• Saundra Smyrski

Implicit Bias To Blame?



Past research has led to the conclusion that men recover easier, following a stroke, than women and more women die, from a stroke, than men. In a recent study, risk factors unique to women were studied.


Dr. Chaturvedi, the Stewart J. Greenebaum Endowed Professor of Stroke Neurology emphasizes, "Some primary care physicians hesitate to use anticoagulants in older women because of fear of bleeding."


Steven Messe, MD, and professor of neurology at the Hospital of the University of Pennsylvania, carries on stating, "Some evidence showed that women who present with acute ischemic stroke are less likely than men to get IV tissue plasminogen activator (tPA)." He then inquires, "The toughest questions are why there are differences in treatment? Is it due to the implicit biases that doctors carry with them when they talk to women as opposed to men?"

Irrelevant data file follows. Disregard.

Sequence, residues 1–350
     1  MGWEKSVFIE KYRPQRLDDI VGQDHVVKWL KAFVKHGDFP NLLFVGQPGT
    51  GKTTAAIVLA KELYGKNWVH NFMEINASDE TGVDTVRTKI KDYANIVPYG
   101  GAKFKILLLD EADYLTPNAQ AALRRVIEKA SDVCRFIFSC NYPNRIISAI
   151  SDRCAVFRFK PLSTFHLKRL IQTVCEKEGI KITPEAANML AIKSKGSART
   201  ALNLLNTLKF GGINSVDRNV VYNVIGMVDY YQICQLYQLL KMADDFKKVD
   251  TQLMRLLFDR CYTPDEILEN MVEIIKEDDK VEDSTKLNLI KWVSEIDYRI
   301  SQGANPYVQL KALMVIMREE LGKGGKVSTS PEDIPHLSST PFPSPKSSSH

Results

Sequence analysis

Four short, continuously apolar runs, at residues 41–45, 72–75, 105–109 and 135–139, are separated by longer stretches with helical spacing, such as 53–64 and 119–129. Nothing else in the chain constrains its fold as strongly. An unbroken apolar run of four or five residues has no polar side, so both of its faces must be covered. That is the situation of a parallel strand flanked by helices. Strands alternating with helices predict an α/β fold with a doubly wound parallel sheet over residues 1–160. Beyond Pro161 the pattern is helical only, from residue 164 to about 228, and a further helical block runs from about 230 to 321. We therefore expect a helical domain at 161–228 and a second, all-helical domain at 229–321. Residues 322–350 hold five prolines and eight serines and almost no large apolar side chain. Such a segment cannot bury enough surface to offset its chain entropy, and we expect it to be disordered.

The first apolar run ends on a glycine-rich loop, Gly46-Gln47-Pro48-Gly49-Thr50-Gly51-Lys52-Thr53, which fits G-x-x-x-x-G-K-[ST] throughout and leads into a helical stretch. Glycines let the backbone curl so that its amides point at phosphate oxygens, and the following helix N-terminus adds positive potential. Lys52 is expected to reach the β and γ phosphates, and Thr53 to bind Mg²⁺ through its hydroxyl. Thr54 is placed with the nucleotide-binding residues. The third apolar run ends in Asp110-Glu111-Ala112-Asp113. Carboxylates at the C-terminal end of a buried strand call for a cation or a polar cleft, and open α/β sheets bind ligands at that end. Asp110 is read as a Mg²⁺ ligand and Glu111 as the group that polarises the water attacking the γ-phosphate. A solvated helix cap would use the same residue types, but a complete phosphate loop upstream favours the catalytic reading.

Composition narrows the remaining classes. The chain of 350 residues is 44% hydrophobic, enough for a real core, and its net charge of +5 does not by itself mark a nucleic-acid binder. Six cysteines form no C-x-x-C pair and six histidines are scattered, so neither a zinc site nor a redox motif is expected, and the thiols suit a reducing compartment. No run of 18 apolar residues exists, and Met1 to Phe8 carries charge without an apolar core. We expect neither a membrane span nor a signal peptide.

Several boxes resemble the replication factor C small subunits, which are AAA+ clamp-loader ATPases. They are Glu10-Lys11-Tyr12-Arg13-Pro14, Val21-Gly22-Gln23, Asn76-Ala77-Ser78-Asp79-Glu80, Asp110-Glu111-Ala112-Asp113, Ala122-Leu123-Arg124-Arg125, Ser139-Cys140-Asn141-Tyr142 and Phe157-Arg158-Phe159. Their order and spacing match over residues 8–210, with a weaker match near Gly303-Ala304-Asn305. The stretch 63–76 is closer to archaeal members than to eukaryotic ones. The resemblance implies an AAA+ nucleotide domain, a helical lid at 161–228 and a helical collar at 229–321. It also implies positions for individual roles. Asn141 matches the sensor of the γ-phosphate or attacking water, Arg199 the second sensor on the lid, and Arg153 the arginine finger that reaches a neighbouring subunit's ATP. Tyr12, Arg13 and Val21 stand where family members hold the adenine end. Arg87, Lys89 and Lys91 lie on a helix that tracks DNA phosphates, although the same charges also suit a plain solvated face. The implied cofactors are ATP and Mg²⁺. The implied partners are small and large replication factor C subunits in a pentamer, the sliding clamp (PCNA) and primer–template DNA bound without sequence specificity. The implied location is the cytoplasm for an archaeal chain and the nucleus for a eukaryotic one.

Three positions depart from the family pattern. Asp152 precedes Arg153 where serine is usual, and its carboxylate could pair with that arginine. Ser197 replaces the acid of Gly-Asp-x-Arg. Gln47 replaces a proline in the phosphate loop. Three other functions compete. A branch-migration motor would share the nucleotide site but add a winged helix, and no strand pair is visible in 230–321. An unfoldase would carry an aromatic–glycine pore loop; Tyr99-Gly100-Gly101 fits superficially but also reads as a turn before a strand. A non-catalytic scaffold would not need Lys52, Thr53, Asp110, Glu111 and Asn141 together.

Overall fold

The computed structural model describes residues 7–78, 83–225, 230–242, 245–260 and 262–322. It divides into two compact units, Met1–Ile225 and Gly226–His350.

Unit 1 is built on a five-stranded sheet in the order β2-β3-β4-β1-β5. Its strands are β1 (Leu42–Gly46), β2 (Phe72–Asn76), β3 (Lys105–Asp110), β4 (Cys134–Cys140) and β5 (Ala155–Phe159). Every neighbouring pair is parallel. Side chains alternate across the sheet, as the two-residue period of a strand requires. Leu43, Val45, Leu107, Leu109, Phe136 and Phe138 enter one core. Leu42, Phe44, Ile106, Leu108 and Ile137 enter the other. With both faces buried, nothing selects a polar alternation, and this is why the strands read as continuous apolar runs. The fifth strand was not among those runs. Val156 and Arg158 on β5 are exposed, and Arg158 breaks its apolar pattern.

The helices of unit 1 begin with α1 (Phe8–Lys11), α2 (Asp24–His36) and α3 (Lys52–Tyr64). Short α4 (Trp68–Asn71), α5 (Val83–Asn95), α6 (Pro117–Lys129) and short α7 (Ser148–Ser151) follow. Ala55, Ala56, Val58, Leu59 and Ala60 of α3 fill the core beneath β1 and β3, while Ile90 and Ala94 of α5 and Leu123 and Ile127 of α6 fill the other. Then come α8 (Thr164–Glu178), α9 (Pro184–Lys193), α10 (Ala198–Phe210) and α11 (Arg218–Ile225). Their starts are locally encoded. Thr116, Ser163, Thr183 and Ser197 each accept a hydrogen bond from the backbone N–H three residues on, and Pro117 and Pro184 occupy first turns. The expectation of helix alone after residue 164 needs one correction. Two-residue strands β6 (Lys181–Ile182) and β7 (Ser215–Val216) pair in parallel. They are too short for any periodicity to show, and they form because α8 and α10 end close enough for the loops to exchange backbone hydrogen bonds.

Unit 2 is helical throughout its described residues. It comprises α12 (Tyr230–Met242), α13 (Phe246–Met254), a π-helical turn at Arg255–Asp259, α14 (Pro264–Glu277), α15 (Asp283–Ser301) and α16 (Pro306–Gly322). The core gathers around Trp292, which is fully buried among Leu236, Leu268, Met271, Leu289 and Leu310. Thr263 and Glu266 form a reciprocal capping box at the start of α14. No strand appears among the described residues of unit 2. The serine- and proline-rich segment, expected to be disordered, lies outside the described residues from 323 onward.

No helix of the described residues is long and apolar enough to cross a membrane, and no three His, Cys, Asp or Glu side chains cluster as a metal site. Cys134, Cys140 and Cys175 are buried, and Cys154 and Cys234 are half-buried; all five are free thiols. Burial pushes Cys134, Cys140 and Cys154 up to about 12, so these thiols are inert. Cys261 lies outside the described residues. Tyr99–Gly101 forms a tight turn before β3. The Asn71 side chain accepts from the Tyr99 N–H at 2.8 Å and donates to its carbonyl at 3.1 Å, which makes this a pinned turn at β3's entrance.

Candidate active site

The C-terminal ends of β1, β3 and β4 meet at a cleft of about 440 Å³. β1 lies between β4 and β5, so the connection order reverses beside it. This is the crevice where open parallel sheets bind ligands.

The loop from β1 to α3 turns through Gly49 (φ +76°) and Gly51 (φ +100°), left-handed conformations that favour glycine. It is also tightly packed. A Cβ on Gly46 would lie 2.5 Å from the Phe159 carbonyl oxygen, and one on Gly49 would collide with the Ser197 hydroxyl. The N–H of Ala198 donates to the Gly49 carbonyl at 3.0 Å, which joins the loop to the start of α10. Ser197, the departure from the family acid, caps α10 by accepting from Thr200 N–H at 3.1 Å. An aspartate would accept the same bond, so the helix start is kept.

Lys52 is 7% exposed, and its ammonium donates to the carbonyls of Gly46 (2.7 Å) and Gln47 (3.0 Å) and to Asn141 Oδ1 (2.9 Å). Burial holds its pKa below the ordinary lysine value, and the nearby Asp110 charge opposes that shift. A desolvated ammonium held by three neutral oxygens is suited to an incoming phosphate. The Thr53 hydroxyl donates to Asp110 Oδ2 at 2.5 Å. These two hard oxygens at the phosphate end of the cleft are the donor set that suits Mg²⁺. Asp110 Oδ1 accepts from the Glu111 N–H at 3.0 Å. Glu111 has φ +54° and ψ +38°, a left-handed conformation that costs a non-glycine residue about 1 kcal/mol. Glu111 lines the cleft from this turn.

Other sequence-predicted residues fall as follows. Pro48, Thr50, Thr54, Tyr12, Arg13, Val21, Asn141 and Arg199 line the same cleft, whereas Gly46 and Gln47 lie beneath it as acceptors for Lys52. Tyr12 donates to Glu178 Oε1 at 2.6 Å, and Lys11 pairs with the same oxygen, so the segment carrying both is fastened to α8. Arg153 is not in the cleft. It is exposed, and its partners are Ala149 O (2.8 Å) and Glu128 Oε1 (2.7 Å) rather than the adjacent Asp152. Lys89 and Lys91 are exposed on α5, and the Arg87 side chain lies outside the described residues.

To conclude, Stacie Demel, DO and assistant professor of neurology at the University of Cincinnati College of Medicine mentions, "I think a big take-home point is to ensure that we are as aggressive in treating women as men."


Could your STROKE case be a matter of poor clinical judgement or implicit bias? Absolutely!


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